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I hope your readers will remember that, other than raises granted by the state legislature or local governments, the only way teachers in Georgia are able to increase their salary is to go to graduate school (at their expense) to earn advanced degrees in their field. Retirement for teachers is based on what they individually earned, not the average pay for system employees. Those teachers with the highest salaries have the most training and usually many years experience. Often they have been with our system their entire career. Rather than implying Fayette County is paying teachers too much, perhaps Fayette County should be praised for maintaining qualified professionals who have devoted their careers to the system. They are usually the mentors in their building to whom beginning teachers turn. Perhaps a future article could examine the years experience and graduate degrees earned by teachers in Fayette County in comparison to other counties in the metro area.
If you could point me to a central data collection point that is open to the public (comparable to open.georgia.gov), I would be eager to research and write that story. I suspect there is no such databank. And how would one gather that information otherwise?
Replying to Tracer & gplanman,
Assuming the 20% inflation since 2008 is accurate (I don’t believe that it is), how many folks can say their income is up 20% since 2008?
– The bigger statement “No story here.”
REALLY – Did you see the part above where there is: 1.1 new kids for every 1 new staff member since 2016. i.e. 307 new students since 2016 with 283 new full time hires.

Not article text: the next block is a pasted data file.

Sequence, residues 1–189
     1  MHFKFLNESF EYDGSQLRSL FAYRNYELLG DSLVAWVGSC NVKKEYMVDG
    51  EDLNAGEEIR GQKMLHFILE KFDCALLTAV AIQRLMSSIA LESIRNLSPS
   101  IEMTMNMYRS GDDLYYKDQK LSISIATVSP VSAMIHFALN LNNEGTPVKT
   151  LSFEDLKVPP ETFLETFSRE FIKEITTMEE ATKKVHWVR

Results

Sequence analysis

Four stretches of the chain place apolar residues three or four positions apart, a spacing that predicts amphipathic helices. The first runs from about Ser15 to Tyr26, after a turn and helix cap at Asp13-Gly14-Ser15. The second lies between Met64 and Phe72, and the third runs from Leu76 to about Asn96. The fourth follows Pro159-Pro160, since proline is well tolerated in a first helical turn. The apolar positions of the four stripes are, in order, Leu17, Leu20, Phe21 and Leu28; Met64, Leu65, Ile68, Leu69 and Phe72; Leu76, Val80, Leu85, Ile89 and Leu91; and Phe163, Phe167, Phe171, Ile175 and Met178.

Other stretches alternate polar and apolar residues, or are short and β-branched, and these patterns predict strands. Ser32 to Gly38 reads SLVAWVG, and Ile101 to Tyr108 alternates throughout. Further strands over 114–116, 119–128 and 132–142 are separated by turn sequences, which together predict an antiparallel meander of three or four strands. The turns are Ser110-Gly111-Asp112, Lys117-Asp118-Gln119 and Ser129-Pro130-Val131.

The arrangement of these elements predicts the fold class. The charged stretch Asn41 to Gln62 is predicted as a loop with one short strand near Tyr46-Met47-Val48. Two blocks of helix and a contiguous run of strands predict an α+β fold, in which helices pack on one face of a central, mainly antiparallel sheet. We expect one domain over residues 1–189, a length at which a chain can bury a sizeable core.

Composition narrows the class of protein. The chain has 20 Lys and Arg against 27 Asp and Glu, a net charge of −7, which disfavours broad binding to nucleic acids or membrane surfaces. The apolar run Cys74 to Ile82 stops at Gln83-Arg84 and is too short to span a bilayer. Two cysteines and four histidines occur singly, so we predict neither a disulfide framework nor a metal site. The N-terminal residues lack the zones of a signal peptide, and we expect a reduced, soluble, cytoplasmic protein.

Regarding the comment:
“No one, 60 years of age and older, and owns property that is assessed a property tax, pays taxes that financially support public school.”
WRONG See link below. Only if you are 65 or over AND total income is below $15,000 (husband & wife) do you get the deduction from the school taxes.
please remember, the naysayers on public school budgets are by those individuals, who no longer pay taxes that financially support public schools. No one, 60 years of age and older, and owns property that is assessed a property tax, pays taxes that financially support public school. But this non-paying senior citizens are the loudest, with their objections about how much money is being spent on public school education.
No story here. If the 2008 budget of $197M is adjusted for inflation you would expect a 2019 budget of $233.7M. What the editor of the Citizen is telling us is that the FCBOE has actually increased teaching resources available to the system while keeping the budget under the rate of inflation. This would normally be considered excellent management and not something to try and attack.
Retirement contributions increased 50% from 14% to 21% from 2016 to 2019. School employees put in 6%, taxpayers put in 21%. In the private sector, you put in 6%, your company may match 6%. Retirement is 10% of the entire school budget. School system retirement is 3 times better that what taxpayers get, if they get anything at all.